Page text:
Democrats Propose Bill To Legalize Medical Cannabis In Kentucky

Jan 12, 2018

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Kentuckians with certain medical conditions would be able to get a prescription for cannabis under a bill filed by two Democratic lawmakers and promoted by Secretary of State Alison Lundergan Grimes.

The 65-page bill would make it legal to smoke, ingest or grow cannabis — the scientific name for marijuana — with a prescription and would be regulated by the state agency that deals with alcohol production and sales.

Grimes said the proposal would provide relief to Kentuckians who cope with pain but don’t want to take addictive painkillers.

“Kentuckians are begging for an alternative to opioids and prescriptions,” Grimes said. “The natural remedy is what they are asking for to help with the illness and ailments.”

So far, 29 states and Washington, D.C. have approved medical cannabis policies.

House Bill 166 would allow people with medical conditions like post-traumatic stress disorder, terminal illnesses or diabetes to get prescriptions for cannabis. It would set up a three-tiered system of cultivators, distributors and retailers regulated by the Kentucky department of Alcoholic Beverage Control.

Patients would also be allowed to possess up to 12 cannabis plants and 12 seedlings under the proposal.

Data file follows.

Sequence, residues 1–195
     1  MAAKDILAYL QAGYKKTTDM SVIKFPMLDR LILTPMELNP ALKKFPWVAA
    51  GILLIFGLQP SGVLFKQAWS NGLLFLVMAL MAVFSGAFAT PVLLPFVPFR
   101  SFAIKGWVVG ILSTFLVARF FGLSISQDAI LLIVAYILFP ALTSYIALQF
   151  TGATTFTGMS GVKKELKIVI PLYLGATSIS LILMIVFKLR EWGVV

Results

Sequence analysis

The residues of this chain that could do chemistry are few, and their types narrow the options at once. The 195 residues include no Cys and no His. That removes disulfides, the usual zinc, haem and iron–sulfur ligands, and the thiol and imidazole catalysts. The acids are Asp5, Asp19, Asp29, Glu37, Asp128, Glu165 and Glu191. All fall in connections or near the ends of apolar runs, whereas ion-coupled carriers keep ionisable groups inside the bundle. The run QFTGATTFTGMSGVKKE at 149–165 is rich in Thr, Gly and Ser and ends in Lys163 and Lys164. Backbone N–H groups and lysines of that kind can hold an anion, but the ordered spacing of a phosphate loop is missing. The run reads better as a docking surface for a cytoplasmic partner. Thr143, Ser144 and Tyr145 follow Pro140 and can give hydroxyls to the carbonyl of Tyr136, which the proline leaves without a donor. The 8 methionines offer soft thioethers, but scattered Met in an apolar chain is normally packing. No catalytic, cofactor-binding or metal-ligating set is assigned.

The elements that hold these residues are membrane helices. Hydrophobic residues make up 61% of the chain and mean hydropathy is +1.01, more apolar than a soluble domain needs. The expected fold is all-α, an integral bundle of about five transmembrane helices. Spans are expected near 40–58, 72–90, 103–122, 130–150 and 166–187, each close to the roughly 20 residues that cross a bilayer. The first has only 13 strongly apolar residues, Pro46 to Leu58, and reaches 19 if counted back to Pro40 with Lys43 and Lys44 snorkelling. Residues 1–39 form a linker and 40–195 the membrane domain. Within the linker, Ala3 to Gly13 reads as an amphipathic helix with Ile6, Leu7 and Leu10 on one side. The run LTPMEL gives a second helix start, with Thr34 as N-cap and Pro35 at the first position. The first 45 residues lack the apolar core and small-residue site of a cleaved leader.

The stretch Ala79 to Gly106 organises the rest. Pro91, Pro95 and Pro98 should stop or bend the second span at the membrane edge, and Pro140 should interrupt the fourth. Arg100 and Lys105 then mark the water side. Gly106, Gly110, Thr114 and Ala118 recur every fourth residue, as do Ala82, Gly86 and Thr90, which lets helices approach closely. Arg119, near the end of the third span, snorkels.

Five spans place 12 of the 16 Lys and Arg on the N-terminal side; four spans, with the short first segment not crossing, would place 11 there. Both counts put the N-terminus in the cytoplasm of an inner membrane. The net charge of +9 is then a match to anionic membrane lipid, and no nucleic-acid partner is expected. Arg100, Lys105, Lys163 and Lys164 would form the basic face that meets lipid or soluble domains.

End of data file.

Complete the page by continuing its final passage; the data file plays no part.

During a press conference on Thursday, army veteran Eric Pollack said there’s support among veterans who suffer from PTSD and want an alternative to mood-altering medications.

“It’s hurting them. They’re committing suicide,” Pollack said. “The mental pills, it makes you not who you are. It makes you have these issues.”

Lawmakers have discussed cannabis legislation several times in recent years but proposals haven’t gained momentum. Legislators from both political parties have proposed legalizing the drug in some form this year — including a scheme to generate tax revenue for the state’s ailing pension systems.

Gov. Matt Bevin has said he would consider signing a medical cannabis bill if the legislature passed one, but he has thrown water on the idea of legalizing marijuana for recreational purposes.

Nearly 80 percent of Kentucky voters support allowing medical marijuana, according to a 2012 Kentucky Health Issues Poll.